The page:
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Loot River Review in 3 Minutes – Block-Shifting Mechanics Meet Roguelike Action


Loot River is a top-down action roguelike from with a unique sliding puzzle element. You’re a nameless warrior killed in battle and revived by a mysterious woman named Iphis, who tasks you with searching out and destroying a relic that’s seemingly trapped you and several others in a dangerous world.

The world is made up of rafts and platforms floating atop flooded dungeons that change each time you die. The premise is as murky as the water you float across. NPCs you meet on your runs will return to the hub area and offer up new items you can unlock for future tries, as well as tell you more about themselves or the world over time. All the exposition occurs in these interactions, leaving the storytelling feeling a bit disconnected from the exploration.

Gameplay consists of finding the proper path through the labyrinthine dungeons. The right control stick freely moves platforms across the water, but only if there’s space to do so, leading to situations that require some maneuvering to proceed. The interlocking platforms offer small challenges that test your wits while throwing monsters at you that further complicate the path. You have normal and charged attacks, and you can roll, block, and parry with some weapons for defense. Fleeing is also a solid option, as most monsters can’t chase you across disconnected platforms, and using your control over platforms to cheese enemy encounters or skip them entirely feels like a high-level strategy. Though neither the sliding puzzles nor the enemy encounters are particularly engaging.

Defeating enemies lets you level up and find loot. You can equip a couple of stat-altering clothing items and have three charm slots that can provide important effects like a parry that restores health. You can switch between two weapons that can come with magic spells like invisibility or a space-clearing shock wave. The right equipment can drastically improve your chances of survival, but it doesn’t always feel worth the risk of seeking it out, as heavily guarded chests often give you the exact item you are holding. Spending resources earned on runs to expand the item pool helps a bit, but you’re still not guaranteed to find better equipment than what you’re using.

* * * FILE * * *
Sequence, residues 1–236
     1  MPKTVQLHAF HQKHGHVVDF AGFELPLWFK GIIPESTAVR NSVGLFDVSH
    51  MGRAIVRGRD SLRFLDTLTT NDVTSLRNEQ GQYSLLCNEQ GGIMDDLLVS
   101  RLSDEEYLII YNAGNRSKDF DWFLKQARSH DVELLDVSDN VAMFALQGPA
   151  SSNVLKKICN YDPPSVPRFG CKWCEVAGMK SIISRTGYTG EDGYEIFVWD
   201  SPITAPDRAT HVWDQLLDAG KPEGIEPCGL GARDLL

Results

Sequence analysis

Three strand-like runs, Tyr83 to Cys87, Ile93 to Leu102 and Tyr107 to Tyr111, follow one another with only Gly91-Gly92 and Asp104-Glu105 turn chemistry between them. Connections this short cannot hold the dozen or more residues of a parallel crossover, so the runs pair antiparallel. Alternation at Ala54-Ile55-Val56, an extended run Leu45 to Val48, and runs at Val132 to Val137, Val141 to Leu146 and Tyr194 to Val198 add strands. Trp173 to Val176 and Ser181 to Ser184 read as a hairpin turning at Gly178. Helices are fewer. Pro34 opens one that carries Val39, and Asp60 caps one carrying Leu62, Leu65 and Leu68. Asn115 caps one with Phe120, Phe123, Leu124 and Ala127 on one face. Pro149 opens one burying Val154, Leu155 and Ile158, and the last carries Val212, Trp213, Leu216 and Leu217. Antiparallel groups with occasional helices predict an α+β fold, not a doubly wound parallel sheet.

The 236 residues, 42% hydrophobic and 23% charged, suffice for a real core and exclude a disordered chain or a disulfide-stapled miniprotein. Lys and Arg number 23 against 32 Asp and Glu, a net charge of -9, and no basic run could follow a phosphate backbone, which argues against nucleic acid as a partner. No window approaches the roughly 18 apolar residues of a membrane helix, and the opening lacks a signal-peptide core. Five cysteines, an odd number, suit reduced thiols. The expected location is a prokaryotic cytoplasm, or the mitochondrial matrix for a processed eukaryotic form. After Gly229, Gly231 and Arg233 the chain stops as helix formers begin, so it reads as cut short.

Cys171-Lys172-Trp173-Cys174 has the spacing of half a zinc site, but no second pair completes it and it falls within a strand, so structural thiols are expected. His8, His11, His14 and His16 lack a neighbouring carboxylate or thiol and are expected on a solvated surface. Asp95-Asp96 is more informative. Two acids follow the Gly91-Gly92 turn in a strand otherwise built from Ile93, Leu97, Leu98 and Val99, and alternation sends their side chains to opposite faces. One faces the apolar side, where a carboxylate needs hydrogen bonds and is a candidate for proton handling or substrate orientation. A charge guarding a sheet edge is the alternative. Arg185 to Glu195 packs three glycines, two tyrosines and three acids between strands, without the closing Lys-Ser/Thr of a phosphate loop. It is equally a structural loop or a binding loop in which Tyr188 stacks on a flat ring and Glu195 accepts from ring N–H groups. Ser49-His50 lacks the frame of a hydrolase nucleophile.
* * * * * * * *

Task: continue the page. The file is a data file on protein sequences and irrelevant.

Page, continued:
Tougher enemies and bosses sometimes drop world modifiers that can grant sweeping changes like ensuring enemies drop higher-level loot, but they can come with caveats like buffing enemy damage. A number of modifiers seem to smooth out the grind of starting over by providing shortcuts or simplifying later dungeon layouts, but there was little incentive to use ones that had consequences over the ones that didn’t, even with modifiers to curb the difficulty.

Deaths wipe all progress and items aside from modifiers and can feel immensely discouraging as a result. The game’s easy mode does little to alleviate that feeling. One boss deleted a half screen’s worth of health in an instant. The healing system is harsh as well: You start with four consumable health potions, and the only way to get more is to leave a number of them with an NPC, who will double that after you’ve survived a level. But it becomes that much harder to survive when you’ve gambled away some or all of your healing items.

However, I found an exploit that allowed me to take advantage of this NPC for hundreds of potions, and I was able to make it through the game’s five zones, two of which only house boss battles, which I found too repetitive and poorly balanced.

Loot River’s 2D pixel art is astounding though. Its environments, lighting, and water effects are of particular note, but characters and enemies appear to be 3D models rendered with a pixelation filter that doesn’t hit the same level of detail as the surroundings. The music and sound design are also great in their own right.

Overall, I like the idea behind Loot River’s mix of puzzle-solving and exploration, but its execution failed to hook me. Its rogue elements are punishing without providing the catharsis of a well-earned victory. However, players who are looking for the more stringent confines of a traditional roguelike may still want to dive in. The game is out May 3 for $24.99 on PC and Xbox Series X | S.

Watch the Review in 3 Minutes for Loot River.

About the author

KC Nwosu
KC Nwosu has been making video game content for nearly half a decade. He also streams with his son Starboy who has legitimately won a Mario Kart race against him.